Well, anyway...planning and preparation and discipline seem to be the prerequisites for this kind of eating plan. I'm going to have to make sitting down and drawing up weekly menus and cooking schedules a regular part of the lifestyle. I can't leave the meal preparation to chance, because then, I'll find myself falling back into old cooking habits. I've cooked "from scratch" for many many years, and I've been continually refining the type of food I purchase and prepare. This is just more "fine tuning." Wish me the Lord's grace as I seek to become more disciplined in the pursuit of health.

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STARTSPARKING 3/14/2010 6:21AM

    I've also been diagnosed as prediabetic a few months ago. It is scary, but it's something we can do something about now before it gets worse. I wish both of us the Lord's grace as we seek to become more disciplined in the pursuit of health.
emoticon emoticon

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    Oh, I'm sorry to hear about your health issues. Diabetes is a far-reaching disease, life complicating. It doesn't run in my family, but I am surrounded by insulin-dependent friends and SIL. High blood pressure, I've been there for most of my adult life, controlled with meds.

The eating plan sounds wonderful. The recipes you listed are the sign of an exceptional cook. You definitely know your way around the kitchen.
"Planning and preparation and discipline seem to be the prerequisites for this kind of eating plan." Planning the meals are key for me. Winging it without menus and preparation always lead me away from my goals. Have plan, will succeed:)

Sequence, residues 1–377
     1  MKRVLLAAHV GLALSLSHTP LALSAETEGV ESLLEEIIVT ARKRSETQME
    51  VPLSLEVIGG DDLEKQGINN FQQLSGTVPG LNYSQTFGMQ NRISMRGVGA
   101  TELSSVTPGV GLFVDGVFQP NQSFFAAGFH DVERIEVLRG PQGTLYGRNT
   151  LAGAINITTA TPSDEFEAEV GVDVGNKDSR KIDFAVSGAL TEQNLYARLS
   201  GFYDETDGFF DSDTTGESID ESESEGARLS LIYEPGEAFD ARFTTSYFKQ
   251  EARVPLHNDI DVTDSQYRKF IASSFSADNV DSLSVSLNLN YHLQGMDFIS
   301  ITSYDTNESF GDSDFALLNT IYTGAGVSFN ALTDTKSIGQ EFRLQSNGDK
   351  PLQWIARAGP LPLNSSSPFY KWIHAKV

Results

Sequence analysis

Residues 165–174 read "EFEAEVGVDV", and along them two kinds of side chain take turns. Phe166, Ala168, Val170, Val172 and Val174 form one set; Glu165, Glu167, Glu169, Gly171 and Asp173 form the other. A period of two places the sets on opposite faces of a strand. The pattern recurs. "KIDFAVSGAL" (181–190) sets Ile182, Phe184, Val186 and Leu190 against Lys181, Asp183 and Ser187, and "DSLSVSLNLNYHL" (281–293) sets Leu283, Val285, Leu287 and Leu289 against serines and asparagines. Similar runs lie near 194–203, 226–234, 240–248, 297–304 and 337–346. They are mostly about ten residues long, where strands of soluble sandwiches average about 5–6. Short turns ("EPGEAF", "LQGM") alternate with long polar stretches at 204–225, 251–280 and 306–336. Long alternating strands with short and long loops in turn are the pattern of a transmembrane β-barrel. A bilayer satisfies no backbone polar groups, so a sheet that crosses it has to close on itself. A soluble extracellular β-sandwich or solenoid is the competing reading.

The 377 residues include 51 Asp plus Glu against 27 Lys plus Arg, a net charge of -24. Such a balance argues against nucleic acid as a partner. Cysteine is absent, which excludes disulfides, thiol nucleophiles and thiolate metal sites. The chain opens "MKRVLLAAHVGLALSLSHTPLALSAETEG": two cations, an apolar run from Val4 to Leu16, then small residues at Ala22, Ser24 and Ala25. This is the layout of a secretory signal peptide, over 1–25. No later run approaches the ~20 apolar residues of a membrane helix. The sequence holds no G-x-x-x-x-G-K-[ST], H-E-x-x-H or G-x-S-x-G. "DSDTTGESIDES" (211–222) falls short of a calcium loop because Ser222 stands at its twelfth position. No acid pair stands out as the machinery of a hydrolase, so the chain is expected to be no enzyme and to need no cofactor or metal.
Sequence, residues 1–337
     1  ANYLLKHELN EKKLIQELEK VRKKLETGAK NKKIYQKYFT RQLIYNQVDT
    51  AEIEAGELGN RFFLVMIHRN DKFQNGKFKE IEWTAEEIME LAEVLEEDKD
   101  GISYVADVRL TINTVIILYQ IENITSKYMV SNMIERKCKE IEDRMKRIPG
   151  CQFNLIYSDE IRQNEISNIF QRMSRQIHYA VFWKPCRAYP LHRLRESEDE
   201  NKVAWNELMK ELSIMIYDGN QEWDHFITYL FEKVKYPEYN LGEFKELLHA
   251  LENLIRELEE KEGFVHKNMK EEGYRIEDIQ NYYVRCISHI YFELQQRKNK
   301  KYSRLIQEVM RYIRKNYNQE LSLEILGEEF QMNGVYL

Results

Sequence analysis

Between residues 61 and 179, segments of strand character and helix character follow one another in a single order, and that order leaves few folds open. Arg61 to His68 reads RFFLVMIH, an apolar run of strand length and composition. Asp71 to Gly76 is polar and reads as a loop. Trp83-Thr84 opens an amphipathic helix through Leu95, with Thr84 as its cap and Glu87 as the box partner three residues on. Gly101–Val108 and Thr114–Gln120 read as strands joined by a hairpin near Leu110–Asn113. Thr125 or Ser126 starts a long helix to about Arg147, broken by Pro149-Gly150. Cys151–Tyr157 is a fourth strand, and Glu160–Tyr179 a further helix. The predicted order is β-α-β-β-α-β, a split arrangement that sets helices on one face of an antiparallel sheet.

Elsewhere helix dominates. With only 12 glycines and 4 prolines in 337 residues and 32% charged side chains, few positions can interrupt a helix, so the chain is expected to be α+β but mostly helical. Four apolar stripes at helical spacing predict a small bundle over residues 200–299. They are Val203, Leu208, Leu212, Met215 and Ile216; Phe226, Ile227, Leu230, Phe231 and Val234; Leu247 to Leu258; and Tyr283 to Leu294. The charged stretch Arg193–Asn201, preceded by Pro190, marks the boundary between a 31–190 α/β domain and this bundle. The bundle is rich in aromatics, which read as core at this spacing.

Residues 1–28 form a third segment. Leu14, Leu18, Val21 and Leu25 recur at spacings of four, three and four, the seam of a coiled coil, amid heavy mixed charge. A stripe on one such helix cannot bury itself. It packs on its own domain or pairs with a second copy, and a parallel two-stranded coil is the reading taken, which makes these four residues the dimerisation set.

We would love to hear how this goes with you. Praying God's grace for you.

P.S. Thank you for the notes left on my blogs. I always look forward to your comments.

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DOTSLADY 3/8/2010 6:47PM

    I'm a #s person. Can I ask, what were your blood glucose #s or A1C? I wonder what his/her parameters are. I hope you share how well you do by your next appt. I LOVE that your cholesterol ratios are good. YAY! YOUR menu's making ME hungry!

My left chamber is also a bit enlarged. I never had rheumatic fever (I'd know, right?). My celiac MIL had that, though.

Re: bp or (ANY of her books, esp "detoxify or die"), please "amazon" Dr. Sherry A. Rogers. A worthy investment. We are deficient in minerals ... if that's a help (magnesium mostly, but others, too).

I got a bit sad to hear about your "melting" into the carpet. I SO remember those days. Right after my dx, we had a neighborhood dinner out - just the ladies. I'd just moved here and was getting to know them. One bore her testimony to me for, I swear, an hour. I couldn't remember one sentence from the next and I was about to pass out trying to keep up my smile and "uh huhs" and "ohhs". Years later I told her how I felt so she could maybe better understand her FIL who has celiac. We laugh; she's a good egg.

So are you. Keeping your bg steady will help you not crave it. Enjoy this new journey. You have a good attitude, and better than that, a plan.
emoticon emoticon

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ROYALETBONE 3/5/2010 2:37AM

    Your shopping list looks divine. Oh, yes, I'd eat any and all of that.
Congratulations on finding such celebratory ways of controlling your diet. They look scrumptious.
I'm so glad you are being mindful, and taking care of you.
And- in social settings, the most important thing for ME- is to serve myself everything that I need in one walk through- and then eat it ssslllloooooowwwwwwwllllllly. So that I can feel myself get full. So that I still have some of the x,y,z to nibble on when I get caught up in that stuff. I keep my plate with me until the food is put away, and keep a few bites left ON the plate to remind me that I have plenty. Hope that helps. (I also always plan that meal to be higher in calories than the rest of my meals, but be careful to not GO to it hungry. I've been known to bake a yam and eat it before going to a pot luck... hey, we all learn our tricks.)